Women Who Deserved a #DivasRevolution: Luna Vachon

“I grew up protecting the wrestling industry. I’m of the old-school mentality, not the entertainment one.”

Growing up in a wrestling family can be tough, but it can also prepare you for the peculiar oddness of the industry. In Luna Vachon’s case, this was certainly true – but the business evolved in ways that didn’t do her any favours.

The adopted daughter of Paul Vachon, Gertrude Wilkerson became part of wrestling aristocracy at an early age. Her uncle was famous wrestler and trainer Maurice ‘Mad Dog’ Vachon, and her aunt was the talented Vivian. None of her relatives wanted her to wrestle, but she wouldn’t take no for an answer after a childhood spent playing in the ring before shows. After a brief stint with Aunt Vivian, she was sent to South Carolina to train with The Fabulous Moolah – and having hated working for Moolah, she eventually settled in Florida Championship Wrestling in 1985.

Who wore it best?

Who wore it best?

You know how wrestling gimmicks can get really weird really quickly? Well, mild-mannered reporter Trudy Herd was driven mad by Kevin Sullivan, eventually joining his Army of Darkness stable having transformed into Luna Vachon. ‘Luna’ came from ‘Lunatic’, contributing to the long tradition of heel female wrestlers who were presented as being ‘crazy’. You might question how this gimmick stuck, even after her time in Sullivan’s stable. The only real explanation is that she looked badass and her muscular physique gave her an intimidation factor that few women in the US brought to the table at the time. She’d be at home in the company of Charlotte and Natalya, and you know you wish she could wrestle Nia Jax.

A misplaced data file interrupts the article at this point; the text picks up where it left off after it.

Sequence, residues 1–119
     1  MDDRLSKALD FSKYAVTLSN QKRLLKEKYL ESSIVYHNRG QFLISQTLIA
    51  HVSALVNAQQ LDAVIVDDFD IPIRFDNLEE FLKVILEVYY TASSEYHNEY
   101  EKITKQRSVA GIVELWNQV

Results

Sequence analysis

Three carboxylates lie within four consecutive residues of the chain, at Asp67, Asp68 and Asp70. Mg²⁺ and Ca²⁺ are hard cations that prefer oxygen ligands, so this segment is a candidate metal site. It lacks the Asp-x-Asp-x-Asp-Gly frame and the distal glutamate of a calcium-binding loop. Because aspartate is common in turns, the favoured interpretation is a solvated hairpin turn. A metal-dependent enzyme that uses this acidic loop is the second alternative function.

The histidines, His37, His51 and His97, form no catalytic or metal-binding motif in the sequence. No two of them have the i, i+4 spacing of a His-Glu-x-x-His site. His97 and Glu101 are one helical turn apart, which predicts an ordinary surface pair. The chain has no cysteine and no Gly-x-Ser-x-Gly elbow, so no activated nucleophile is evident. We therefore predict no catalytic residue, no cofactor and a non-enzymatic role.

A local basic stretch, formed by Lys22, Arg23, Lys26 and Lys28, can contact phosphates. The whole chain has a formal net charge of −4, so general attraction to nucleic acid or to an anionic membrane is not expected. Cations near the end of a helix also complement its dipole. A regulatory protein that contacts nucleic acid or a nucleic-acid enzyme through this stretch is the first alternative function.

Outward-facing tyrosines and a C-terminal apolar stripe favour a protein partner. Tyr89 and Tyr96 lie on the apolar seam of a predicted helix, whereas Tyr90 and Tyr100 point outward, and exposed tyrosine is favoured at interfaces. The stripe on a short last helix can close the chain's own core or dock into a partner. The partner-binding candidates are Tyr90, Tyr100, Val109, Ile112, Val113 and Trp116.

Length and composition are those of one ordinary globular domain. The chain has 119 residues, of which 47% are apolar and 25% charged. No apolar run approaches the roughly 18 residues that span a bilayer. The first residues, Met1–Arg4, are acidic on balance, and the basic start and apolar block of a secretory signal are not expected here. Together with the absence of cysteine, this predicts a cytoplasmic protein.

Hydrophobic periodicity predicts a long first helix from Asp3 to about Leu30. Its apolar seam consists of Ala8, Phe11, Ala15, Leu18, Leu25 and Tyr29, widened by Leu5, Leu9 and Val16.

Luna wrestled around the world until WWF came calling. She made her debut at WrestleMania IX as valet for Shawn Michaels, which was probably the one good thing to come out of that pay-per-view. It catapulted her into a nasty feud with Michaels’ ex-valet Sherri Martel, which sadly didn’t last since Martel left WWF that summer.

She managed Bam Bam Bigelow, and caused strife between him and his tag partner when they both fell in love with her. And while Luna was never portrayed as undesirable, or even unattractive, the only people who demonstrated any sort of desire for her were villainous. More difficult for modern audiences are the storylines where finding Luna Vachon attractive was actually a source of comedy.

The mid-90s were not exactly great for women’s wrestling, or for WWF in general. At a time when the talent pool was more of a puddle and the women’s division was being resurrected, Luna was a desperately needed lynchpin of the division. But she was not seen as championship material – not compared to the more conventionally attractive, smaller yet athletic, Alundra Blayze.

A great athlete and a very talented wrestler, Blayze was the centrepiece of the women’s division as it took shape in 1993 and 1994. She and Vachon had a feud in early 1994 that helped to solidify Blayze’s title reign; as is par for the course in WWF/E women’s wrestling, they were good but too short to be great. Blayze won every one with the same finisher.

This fast-paced match proves that both women can go – Vachon was always more of a brawler, and her strengths are on full display here, as sub-10-minute matches go. But ultimately, Blayze went over and over and over, even to her own chagrin.